Taking up the New Hampshire newspaper industry as its case study, American Intelligence unpacks the ways in which an unprecedented quantity of printed material was gathered, distributed, marketed, and consumed, as well as the strong influence that it had on the shaping of the American political imagination. Ben P. Lafferty also considers the lives of the printers themselves and asks why so many men chose to pursue such a fraught and turbulent profession. This snapshot resonates with the contemporary media-saturated and politically chaotic age.
"[A] keenly observant, metaphorically rich monograph that shares an intriguing tale . . . the book is engagingly written and organized."—Early American Literature
"A welcome addition to a growing literature on the intersection of print and politics in the early republic . . . American Intelligence is a thoroughly researched and engaging volume that reveals the complexities of small-town print culture and how it was connected to the national and indeed international circulation of news."—Journal of the Early Republic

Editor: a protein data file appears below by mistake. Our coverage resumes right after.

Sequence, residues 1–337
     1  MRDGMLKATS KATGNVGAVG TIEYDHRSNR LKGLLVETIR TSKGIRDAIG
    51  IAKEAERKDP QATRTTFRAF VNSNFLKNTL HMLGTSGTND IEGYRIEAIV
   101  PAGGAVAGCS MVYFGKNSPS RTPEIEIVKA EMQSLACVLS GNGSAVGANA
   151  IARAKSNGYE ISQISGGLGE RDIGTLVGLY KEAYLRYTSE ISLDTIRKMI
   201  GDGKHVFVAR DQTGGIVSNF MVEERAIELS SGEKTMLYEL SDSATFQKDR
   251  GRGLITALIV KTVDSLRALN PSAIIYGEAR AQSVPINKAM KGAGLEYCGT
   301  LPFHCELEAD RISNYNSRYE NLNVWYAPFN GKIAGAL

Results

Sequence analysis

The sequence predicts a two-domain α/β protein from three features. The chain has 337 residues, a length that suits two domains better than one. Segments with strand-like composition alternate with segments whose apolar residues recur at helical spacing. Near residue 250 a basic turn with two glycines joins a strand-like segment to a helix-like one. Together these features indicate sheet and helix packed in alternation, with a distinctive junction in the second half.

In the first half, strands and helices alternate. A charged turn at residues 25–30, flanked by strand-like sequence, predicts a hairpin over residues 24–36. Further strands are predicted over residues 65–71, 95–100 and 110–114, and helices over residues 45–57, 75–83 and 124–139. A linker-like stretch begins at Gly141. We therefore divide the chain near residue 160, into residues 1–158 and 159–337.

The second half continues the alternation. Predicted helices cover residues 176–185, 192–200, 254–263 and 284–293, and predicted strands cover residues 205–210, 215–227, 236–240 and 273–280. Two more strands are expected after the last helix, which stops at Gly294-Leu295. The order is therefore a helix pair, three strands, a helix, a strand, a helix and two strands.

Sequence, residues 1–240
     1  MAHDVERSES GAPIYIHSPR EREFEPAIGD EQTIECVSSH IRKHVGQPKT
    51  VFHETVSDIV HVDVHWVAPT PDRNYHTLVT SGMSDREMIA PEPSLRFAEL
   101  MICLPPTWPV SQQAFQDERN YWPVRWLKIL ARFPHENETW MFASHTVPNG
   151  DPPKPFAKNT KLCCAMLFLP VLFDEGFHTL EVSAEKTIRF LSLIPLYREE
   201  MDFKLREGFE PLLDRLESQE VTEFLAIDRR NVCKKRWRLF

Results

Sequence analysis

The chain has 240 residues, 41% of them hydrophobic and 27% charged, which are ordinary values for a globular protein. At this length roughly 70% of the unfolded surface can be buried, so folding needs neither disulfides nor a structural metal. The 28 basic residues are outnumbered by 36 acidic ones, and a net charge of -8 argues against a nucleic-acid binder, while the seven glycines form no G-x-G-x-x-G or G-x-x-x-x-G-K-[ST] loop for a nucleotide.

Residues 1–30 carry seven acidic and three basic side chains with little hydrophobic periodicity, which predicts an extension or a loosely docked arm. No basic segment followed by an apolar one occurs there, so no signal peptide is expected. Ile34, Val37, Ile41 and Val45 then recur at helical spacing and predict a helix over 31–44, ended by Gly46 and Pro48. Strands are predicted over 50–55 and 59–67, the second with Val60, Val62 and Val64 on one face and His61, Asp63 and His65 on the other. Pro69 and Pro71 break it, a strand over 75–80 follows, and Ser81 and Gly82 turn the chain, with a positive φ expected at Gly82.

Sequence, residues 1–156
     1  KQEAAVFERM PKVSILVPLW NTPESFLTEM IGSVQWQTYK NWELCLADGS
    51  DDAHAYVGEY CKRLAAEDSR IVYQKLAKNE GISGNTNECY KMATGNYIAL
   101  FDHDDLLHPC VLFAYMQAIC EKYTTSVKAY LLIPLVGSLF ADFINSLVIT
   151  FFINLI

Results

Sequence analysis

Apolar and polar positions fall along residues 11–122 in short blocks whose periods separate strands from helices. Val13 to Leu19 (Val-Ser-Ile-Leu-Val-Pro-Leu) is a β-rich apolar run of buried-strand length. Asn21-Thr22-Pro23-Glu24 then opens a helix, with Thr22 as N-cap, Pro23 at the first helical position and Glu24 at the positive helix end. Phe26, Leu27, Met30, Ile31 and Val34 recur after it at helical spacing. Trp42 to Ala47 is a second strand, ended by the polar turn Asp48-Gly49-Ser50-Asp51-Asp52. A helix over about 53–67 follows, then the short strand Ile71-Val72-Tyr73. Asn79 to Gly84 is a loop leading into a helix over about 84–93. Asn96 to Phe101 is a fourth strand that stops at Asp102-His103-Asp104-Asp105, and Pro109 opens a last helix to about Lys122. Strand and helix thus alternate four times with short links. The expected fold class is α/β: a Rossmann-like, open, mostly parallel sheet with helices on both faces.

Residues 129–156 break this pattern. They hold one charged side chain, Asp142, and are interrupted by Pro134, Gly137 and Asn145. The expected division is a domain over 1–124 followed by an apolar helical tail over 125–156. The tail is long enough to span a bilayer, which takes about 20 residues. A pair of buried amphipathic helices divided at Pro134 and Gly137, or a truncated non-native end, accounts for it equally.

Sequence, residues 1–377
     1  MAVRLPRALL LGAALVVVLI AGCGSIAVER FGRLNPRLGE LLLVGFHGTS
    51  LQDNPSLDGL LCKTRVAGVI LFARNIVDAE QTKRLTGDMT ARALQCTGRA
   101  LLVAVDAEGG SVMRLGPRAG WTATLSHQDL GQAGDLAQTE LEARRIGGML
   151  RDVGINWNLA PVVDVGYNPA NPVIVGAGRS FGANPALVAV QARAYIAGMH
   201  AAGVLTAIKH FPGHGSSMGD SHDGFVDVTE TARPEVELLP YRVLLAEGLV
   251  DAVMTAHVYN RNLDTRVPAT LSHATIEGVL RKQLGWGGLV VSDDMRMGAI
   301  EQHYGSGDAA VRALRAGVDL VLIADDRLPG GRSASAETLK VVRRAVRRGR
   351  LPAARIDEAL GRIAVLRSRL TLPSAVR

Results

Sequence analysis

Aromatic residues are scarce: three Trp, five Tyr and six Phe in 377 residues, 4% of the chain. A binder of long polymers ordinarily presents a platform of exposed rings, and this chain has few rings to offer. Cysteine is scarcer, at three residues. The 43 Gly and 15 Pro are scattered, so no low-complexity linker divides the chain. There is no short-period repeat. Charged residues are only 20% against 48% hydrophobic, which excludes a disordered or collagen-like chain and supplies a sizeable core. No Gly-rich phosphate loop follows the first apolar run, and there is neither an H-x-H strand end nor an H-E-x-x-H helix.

"[An] insightful creative study based on in-depth research in both primary sources and a rich array of relevant secondary sources.”—New England Quarterly
"La?erty punctuates the analysis with lively anecdotes that help vivify America’s early national news culture . . .American Intelligence provides a valuable interpretative framework for early American newspapers."—American Nineteenth Century History
"Lafferty's focus on New Hampshire enables readers to gain a fuller understanding of how the press operated and its impact in the 1790s. The author's approach is engaging and will serve to spark further questions about the role of newspapers in the early years of the United States."—Carol Sue Humphrey, author of The American Revolution and the Press: The Promise of Independence
"Lafferty deserves much credit for readmitting New Hampshire into our early press history. This is local history that matters, for it grounds the story of how our first political parties developed in the late 1790s and anticipates the great power regional and small-town papers would have as the nation moved west."—Thomas C. Leonard, author of News for All: America's Coming-of-Age with the Press